In this podcast (episode #425) and blog, I talk to former army captain, politician, attorney and podcast host Jason Kander about his new book Invisible Storm, managing and healing from PTSD and depression, what it looks like to seek help for mental health issues, overcoming mental health stigmas, and so much more!
As noted in his book:
“In 2017, President Obama, in his final Oval Office interview, was asked who gave him hope for the future of the country, and Jason Kander was the first name he mentioned. Suddenly, Jason was a national figure.
As observers assumed he was preparing a run for the presidency, Jason announced a bid for mayor of Kansas City instead and was headed for a landslide victory. But after eleven years battling PTSD from his service in Afghanistan, Jason was seized by depression and suicidal thoughts. He dropped out of the mayor’s race and out of public life. And finally, he sought help.
In this brutally honest second memoir, Invisible Storm, Jason has written the book he needed in the most painful moments of his PTSD. In candid, in-the-moment detail, we see him struggle with undiagnosed illness during a presidential bid, witness his family buoy him through challenging treatment, and, giving hope to so many of us, see him heal.”
As Jason points out, in the army, the message you receive is that what you are doing is no big deal, and other people have it much worse. This makes it easier for people in military to do their job, especially when they are surrounded by danger and doing potentially life-threatening tasks. The notion that it is “no big deal” is like mental armor and helps soldiers do what they need to do.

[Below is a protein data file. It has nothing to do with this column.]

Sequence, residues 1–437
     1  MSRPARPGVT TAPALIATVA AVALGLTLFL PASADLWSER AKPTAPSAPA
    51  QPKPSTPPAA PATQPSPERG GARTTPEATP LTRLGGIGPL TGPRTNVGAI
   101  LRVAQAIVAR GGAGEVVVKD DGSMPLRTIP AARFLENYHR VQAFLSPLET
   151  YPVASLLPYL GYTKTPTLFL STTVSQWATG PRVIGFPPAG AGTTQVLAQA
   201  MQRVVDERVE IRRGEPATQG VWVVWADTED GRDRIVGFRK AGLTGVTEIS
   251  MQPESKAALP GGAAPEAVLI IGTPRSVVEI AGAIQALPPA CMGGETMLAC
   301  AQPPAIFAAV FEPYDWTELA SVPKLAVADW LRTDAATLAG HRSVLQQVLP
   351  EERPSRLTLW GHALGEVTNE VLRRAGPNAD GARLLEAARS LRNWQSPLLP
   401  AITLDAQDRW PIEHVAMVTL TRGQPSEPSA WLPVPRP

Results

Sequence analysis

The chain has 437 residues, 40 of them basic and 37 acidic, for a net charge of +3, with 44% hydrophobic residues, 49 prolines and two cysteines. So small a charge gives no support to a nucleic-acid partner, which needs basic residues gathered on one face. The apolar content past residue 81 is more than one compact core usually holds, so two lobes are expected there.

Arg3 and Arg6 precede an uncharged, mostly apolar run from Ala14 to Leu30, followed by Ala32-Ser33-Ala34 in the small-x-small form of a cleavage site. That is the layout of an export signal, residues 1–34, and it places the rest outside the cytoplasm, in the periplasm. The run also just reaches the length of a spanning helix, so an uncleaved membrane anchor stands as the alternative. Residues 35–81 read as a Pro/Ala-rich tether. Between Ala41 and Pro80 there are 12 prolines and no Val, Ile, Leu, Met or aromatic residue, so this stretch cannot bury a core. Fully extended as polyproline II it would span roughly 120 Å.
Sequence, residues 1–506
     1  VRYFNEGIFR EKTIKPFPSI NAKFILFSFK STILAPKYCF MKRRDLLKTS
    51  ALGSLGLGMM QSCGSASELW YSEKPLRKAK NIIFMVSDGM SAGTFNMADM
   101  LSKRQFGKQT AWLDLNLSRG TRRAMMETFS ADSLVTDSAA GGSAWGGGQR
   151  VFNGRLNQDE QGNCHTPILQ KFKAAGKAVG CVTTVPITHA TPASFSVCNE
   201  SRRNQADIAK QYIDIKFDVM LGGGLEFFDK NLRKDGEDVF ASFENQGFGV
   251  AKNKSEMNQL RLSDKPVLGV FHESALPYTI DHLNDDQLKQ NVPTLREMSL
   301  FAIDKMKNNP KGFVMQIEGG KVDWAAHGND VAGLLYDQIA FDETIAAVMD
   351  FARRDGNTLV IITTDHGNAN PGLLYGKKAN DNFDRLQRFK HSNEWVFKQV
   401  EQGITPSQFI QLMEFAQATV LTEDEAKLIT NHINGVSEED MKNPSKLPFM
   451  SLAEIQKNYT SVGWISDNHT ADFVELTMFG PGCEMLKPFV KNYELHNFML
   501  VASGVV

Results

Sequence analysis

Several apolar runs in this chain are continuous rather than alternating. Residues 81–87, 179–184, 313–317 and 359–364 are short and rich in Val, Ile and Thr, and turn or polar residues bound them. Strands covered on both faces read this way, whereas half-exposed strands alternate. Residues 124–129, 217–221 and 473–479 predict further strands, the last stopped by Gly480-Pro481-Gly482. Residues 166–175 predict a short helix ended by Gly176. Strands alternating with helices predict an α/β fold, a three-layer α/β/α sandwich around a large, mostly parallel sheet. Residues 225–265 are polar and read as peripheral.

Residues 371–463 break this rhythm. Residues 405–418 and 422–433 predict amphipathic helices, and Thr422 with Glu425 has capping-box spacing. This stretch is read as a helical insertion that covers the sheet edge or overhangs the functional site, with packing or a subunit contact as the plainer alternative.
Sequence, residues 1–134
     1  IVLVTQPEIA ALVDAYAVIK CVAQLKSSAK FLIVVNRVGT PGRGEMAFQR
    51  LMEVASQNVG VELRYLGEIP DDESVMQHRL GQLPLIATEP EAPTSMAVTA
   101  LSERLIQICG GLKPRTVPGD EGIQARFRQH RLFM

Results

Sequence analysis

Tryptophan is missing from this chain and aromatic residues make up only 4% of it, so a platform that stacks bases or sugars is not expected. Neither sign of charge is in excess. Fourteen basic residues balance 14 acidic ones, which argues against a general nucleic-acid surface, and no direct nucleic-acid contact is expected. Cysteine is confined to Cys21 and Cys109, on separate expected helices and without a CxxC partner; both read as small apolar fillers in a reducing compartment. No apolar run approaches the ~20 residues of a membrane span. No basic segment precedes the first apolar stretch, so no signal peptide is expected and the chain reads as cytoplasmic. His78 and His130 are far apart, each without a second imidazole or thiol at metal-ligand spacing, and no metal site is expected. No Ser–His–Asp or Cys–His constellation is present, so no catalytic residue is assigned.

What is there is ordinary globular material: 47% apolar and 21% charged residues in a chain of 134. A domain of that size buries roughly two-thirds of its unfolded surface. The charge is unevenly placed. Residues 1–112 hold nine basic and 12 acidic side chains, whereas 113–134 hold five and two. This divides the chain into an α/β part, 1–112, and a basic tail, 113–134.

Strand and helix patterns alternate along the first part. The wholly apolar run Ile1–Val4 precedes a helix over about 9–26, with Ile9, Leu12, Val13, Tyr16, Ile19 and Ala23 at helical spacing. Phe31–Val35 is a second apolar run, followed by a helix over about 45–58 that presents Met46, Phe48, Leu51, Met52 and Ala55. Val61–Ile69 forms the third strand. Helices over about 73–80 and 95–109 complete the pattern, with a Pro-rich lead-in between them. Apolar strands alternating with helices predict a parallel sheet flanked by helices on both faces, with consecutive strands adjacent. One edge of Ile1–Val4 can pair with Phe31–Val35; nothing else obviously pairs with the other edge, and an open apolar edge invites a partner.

However, when you get out of army, there is no process for switching off this mindset. Many soldiers know that it is okay for people to get help, but also believe that what they did “is no big deal” compared with what other people have gone through. Consequently, many former members of the military feel that if they are struggling and ask for help, this dishonors people that have gone through more than they have. Unfortunately, the military doesn’t do a good job of teaching soldiers when they are discharged that they have actually been through a lot and are entitled to get help.
Indeed, we all need to process our experiences, even if we haven’t gone to war or been in the military. We all go through challenges, and if we don’t process what we go through, it can affect our lives in other ways, such as the night terrors that Jason experienced.
As I have mentioned before, everything we experience is stored in our nonconscious mind. Things that happen to us do not just go away—we cannot outrun our past. We have to go through it; we have to reconceptualize our memories before they impact how we function.
As Jason points out, there is a common misconception that if enough time goes by, we will be okay, but trauma doesn’t age well. We have to put in the hard work and deal with our stuff and change how it plays out in our future. This is part of being human.
Indeed, we are with ourselves always, which is why mind management and self-regulation are so important. These are life skills, not one-off things. We cannot just “fix” an issue and move on. Life is filled with ups and downs, and figuring out how to manage these feelings and how they impact us is one of the most important things we can learn as human beings.